• Forouhi N.G.
      • Luan J.
      • Hennings S.
      • Wareham N.J.
      Incidence of Type 2 diabetes in England and its association with baseline impaired fasting glucose: the Ely study 1990-2000.
      ]. In studies from populations with lower prevalence of hypertension, it has been suggested that an apparent association between prediabetes and cardiovascular mortality can be explained by development of type 2 diabetes during follow-up rather than prediabetes itself [
      • Rijkelijkhuizen J.M.
      • Nijpels G.
      • Heine R.J.
      • Bouter L.M.
      • Stehouwer C.D.A.
      • Dekker J.M.
      High risk of cardiovascular mortality in individuals with impaired fasting glucose is explained by conversion to diabetes: the hoorn study.
      ]. There are, however, conflicting results regarding this [
      • Khan H.
      • Kunutsor S.K.
      • Kauhanen J.
      • Kurl S.
      • Gorodeski E.Z.
      • Adler A.I.
      • et al.
      Fasting plasma glucose and incident heart failure risk: a population-based cohort study and new meta-analysis.
      ,
      • Qiao Q.
      • Jousilahti P.
      • Eriksson J.
      • Tuomilehto J.
      Predictive properties of impaired glucose tolerance for cardiovascular risk are not explained by the development of overt diabetes during follow-up.
      ]. We found, in a hypertensive population, that the adjusted hazard ratios for the association of prediabetic status with incident heart failure and all-cause mortality were not significant (Fig. 3), which may be taken to suggest that an apparent association between prediabetes and incident heart failure and all-cause mortality may be related to other components associated with the metabolic syndrome.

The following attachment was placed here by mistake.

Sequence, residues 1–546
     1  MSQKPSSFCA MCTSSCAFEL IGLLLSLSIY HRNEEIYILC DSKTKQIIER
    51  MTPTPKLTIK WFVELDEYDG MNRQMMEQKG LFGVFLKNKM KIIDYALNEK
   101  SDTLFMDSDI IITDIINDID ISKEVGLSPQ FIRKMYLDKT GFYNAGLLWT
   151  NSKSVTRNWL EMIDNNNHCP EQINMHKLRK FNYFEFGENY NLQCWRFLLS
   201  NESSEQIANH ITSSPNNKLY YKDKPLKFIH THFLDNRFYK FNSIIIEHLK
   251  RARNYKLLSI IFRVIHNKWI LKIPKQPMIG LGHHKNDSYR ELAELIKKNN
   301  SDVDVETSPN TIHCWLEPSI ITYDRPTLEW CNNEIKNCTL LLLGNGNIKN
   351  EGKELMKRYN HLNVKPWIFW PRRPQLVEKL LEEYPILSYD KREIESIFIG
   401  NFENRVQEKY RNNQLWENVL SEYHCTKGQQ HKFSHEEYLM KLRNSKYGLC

5.3 Prediabetes defined according to WHO

      In a secondary analysis, we found that when prediabetes was defined as FPG 6.1–6.9 mmol/L, there was an association between prediabetes in hypertensive patients and all-cause mortality, but not with heart failure. A meta-analysis has previously reported that this higher cut-off point for prediabetes is associated with a higher risk for all-cause mortality in general populations [
      • Cai X.
      • Zhang Y.
      • Li M.
      • Wu J.H.
      • Mai L.
      • Li J.
      • et al.
      Association between prediabetes and risk of all cause mortality and cardiovascular disease: updated meta-analysis.
      ], and more recently, a prospective study in a Swedish population without cardiovascular disease at baseline found that prediabetic levels of FPG as defined by WHO resulted in an increasing risk of incident heart failure [
      • Lind V.
      • Hammar N.
      • Lundman P.
      • Friberg L.
      • Talbäck M.
      • Walldius G.
      • et al.
      Impaired fasting glucose: a risk factor for atrial fibrillation and heart failure.
      ]. However, that study contained no information on hypertension [
      • Lind V.
      • Hammar N.
      • Lundman P.
      • Friberg L.
      • Talbäck M.
      • Walldius G.
      • et al.
      Impaired fasting glucose: a risk factor for atrial fibrillation and heart failure.
      ], and thus our findings add new knowledge on the association between prediabetes and incident heart failure in hypertensive patients, since the increased hazard ratio for heart failure was not retained upon multivariate adjustment in this population. All-cause mortality has previously been shown to be higher in patients with moderate systolic hypertension (systolic blood pressure 140–160 mmHg) with prediabetic levels of FPG (defined according to WHO) compared to normoglycemia [